Tag Archives: Sara and Cynthia Brideson

Musicals at the Academy Awards

It came as little surprise to moviegoers when it was announced on January 24th, 2017, that La La Land had been nominated for 14 Academy Awards, tying the record for most nominations received by a single film (with Titanic and All About Eve). A critical and commercial success, La La Land is both a film made for modern audiences and a loving throwback to the Golden Age of the Hollywood musical. Time will tell whether La La Land will sweep the Oscars (although predictions skew in that direction), but its role is not without historical precedent.

To date, only ten musicals have won the coveted Academy Award for Best Picture. An American in Paris (1951) was the fourth to achieve this honor. In the following excerpt from He’s Got Rhythm: The Life and Career of Gene Kelly, authors Cynthia and Sara Brideson discuss the 24th Academy Awards, at which American and Kelly were to achieve special recognition:


If Gene believed that Hollywood and America as a whole did not grant him the recognition he deserved, he was soon to be proven wrong. The honor Hollywood lavished upon Gene after he left for Europe confirmed that his artistry was far from overlooked in his native country. Never in the history of film had a musical ever received as many Oscar nominations as Gene’s An American in Paris. The picture received nods in eight categories: Best Picture, Best Director, Best Screenplay, Best Musical Score, Best Art Direction and Set Decoration, Best Color Cinematography, Best Costume Design, and Best Film Editing.

Most significant, Gene was announced as the recipient of the annual Honorary Oscar. The category, created in 1948, acknowledged cinematic achievements not covered by existing Academy Awards. Gene was only the second dancer to receive such recognition (Fred Astaire received one at the 1950 awards ceremony). Though pleased with the award, Gene still voiced regret that he had not been nominated as Best Actor. “The idea that musical [actors] are less worthy of Academy consideration than drama[tic ones] is a form of snobbishness.”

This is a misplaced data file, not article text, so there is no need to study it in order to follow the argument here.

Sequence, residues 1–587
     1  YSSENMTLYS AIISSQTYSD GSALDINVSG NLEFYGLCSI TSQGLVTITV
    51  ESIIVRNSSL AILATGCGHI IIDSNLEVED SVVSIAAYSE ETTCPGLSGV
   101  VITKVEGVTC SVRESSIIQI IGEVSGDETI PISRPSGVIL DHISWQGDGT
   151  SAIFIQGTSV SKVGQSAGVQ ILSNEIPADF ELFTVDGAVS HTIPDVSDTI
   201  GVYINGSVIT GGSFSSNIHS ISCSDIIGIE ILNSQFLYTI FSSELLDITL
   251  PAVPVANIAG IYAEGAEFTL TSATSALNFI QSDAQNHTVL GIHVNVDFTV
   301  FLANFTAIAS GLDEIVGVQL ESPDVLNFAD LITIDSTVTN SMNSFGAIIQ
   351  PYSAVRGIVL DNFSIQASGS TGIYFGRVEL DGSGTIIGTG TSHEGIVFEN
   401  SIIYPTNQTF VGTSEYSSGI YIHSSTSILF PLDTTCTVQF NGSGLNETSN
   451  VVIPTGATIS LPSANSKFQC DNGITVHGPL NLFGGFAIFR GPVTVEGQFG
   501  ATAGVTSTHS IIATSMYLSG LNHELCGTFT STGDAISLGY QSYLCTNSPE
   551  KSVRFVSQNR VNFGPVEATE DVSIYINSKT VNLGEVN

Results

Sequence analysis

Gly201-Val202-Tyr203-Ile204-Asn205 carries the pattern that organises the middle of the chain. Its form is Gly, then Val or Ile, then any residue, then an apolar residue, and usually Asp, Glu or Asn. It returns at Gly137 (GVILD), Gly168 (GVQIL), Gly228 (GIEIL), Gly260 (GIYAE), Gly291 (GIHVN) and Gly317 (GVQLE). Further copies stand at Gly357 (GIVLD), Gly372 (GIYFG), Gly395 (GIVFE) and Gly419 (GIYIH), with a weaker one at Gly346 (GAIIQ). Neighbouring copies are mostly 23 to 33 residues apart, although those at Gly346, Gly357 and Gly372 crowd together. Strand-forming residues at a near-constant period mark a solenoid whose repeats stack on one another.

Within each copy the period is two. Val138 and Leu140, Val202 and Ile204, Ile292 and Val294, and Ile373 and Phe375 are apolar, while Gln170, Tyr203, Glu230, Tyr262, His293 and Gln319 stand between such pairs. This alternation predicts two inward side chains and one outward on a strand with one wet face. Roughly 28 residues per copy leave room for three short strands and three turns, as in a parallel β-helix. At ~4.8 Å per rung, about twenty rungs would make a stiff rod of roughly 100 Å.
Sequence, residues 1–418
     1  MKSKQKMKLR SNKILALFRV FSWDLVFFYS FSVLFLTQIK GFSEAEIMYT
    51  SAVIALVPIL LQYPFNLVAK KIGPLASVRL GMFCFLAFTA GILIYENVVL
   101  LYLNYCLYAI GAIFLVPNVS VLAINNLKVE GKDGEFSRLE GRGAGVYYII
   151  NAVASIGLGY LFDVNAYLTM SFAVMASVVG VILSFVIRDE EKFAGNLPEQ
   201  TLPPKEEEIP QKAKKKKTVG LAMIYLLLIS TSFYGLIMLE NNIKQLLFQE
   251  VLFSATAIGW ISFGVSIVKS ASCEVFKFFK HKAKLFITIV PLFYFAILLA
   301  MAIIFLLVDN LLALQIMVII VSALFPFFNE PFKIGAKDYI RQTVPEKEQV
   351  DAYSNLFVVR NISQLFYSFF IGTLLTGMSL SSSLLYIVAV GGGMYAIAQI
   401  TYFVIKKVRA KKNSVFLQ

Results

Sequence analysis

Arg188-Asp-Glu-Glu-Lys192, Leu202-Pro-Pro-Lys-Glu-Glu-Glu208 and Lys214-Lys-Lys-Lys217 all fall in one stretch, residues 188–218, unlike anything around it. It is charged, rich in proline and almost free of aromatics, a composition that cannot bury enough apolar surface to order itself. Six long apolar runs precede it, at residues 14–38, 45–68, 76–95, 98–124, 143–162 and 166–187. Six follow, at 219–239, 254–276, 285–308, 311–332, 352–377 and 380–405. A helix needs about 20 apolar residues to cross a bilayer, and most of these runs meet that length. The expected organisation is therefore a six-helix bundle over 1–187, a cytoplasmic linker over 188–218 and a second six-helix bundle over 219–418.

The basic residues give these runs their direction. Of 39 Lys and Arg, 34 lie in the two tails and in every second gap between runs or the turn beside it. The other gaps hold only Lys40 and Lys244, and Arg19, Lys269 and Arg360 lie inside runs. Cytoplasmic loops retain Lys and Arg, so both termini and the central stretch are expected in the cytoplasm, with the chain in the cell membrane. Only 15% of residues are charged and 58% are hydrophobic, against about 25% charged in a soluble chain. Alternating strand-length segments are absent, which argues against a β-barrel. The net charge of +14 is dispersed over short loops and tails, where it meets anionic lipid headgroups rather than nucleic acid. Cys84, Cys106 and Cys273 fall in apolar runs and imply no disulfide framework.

In truth, the honorary Oscar did pay tribute to Gene’s acting ability as well as his dancing talent. On March 20, 1952, the night of the awards ceremony, the president of the Academy, Charles Brackett, stated that Gene had earned his statuette through his “extreme versatility as an actor-singer, director, and dancer . . . and because of his specific and brilliant achievements in the art of choreography on film.” From Europe, Gene requested that Stanley Donen accept the Oscar for him. Vincente Minnelli admitted that Gene’s decision hurt his feelings, particularly because Donen had had no part in the production of An American in Paris.

Gene was not the only one to receive an honorary Oscar that night. Arthur Freed took home the Irving Thalberg Memorial Award, given to a different producer each year. The Freed Unit was sweeping the Oscars; before Best Picture was announced, An American in Paris had already won two honorary awards plus Best Costume Design, Best Color Cinematography, Best Art Direction and Set Decoration, and Best Screenplay (not to be confused with Best Adapted Screenplay, which went to A Place in the Sun). However, in the Best Picture category, An American in Paris faced heady competition. In a year that sported such prestigious titles as A Streetcar Named Desire, The African Queen, and A Place in the Sun, a musical picture with a thin story line seemed the least likely to win the award. Presenter Jesse Lasky could not conceal his surprise when he opened the envelope. “Oh my!” he exclaimed. “The winner for Best Picture is An American in Paris.” The audience was silent except for a few gasps of shock. But slowly, hearty applause erupted, which only became more vigorous when Freed trotted up to the stage, clearly moved. As he cradled the statuette with the honorary one he had already received, he quipped, “It’s a double header!” He continued on a more serious note: “Thank you. And thank you from my brilliant associates who made this possible: Vincente Minnelli, Gene Kelly, and a great studio with real courage and leadership who supported me. Thank you.”


For those interested in learning more about the life of Gene Kelly, the Brideson’s new and comprehensive biography is available for pre-order here. Or visit our Twitter for details on how to win an advance copy of the book.